NEW DELHI: All India Institute of Medical Sciences (AIIMS), with the support of its school of international biodesign, has developed a wound healing device for early healing that also reduces the chances of infection among patients with large wounds.
Professor Sushma Sagar from the AIIMS trauma centre, who received the institute’s research award for best innovative technology, told TOI that two successful trials with the battery-operated device were done on at least 100 patients admitted to the trauma centre in the last two years.
She said the device has a combination therapy of “negative pressure as well as oxygen delivery” to large exudative wounds and helps in removing exudate, reducing edema and increasing vascularity.
It also helps in reducing microbial infection by providing regulated doses of oxygen to the wound. Besides, it helps in wound contraction and healthy tissue formation for improved healing.
“We have to change the dressing very frequently as they get wet easily. There is a need for such devices to take care of large wounds which occur due to trauma, burns, diabetes or in the case of chronic wounds,” she said, adding that oxygen delivery to the wound is beneficial and it has been proven in international studies too. If a normal wound heals in 30 days, then through local oxygen treatment it will heal in 7-10 days.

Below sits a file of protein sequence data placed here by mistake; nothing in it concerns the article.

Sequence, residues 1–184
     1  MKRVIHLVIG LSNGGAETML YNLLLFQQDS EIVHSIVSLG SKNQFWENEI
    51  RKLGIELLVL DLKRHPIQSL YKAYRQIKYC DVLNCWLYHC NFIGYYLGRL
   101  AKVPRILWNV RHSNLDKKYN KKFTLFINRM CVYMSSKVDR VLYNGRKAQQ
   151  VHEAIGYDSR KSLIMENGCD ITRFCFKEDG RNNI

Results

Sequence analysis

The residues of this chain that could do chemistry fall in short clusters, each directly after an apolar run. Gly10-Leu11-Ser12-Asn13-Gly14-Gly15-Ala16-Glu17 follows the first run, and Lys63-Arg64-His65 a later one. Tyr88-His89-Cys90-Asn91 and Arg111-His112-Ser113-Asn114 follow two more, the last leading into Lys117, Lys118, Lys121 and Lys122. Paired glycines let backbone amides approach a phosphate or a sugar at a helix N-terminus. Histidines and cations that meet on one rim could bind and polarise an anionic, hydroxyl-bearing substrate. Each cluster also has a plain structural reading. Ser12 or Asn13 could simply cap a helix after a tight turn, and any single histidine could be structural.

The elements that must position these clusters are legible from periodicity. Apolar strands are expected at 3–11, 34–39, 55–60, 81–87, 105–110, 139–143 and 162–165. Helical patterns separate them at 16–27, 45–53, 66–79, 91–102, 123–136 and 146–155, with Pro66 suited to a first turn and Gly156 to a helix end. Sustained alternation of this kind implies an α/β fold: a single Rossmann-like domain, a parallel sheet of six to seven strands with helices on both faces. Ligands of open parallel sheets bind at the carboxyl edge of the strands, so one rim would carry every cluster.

Explaining the working of the device, Dr Sagar said that healthcare workers fit a layer of foam dressing to the shape of the wound.
The dressing is then sealed with a film, which has an opening where a sieve-like tube is attached. When the tube is connected to the machine, it sucks the discharge /exudate due to negative pressure. The machine has an attachment for the canister where fluids get collected.
The negative pressure reduces wound discharge and additional oxygen delivery by another tube helps in decreasing infection from the wound. It also helps the wound heal by promoting the growth of new blood vessels.
This combination therapy can be a big boon for large wounds and can avoid multiple changes of dressing. Such combination therapy devices are not available in the market.
“Each dressing can last for almost five days by using this device,” she said, adding that there was no need to change the dressing every day but the container can be changed when filled. She further said that home-based therapy can be given by trained nurses or paramedics.
Negative pressure wound therapy is available in the market but expensive.
The device developed by AIIMS is likely to cost less, doctors said.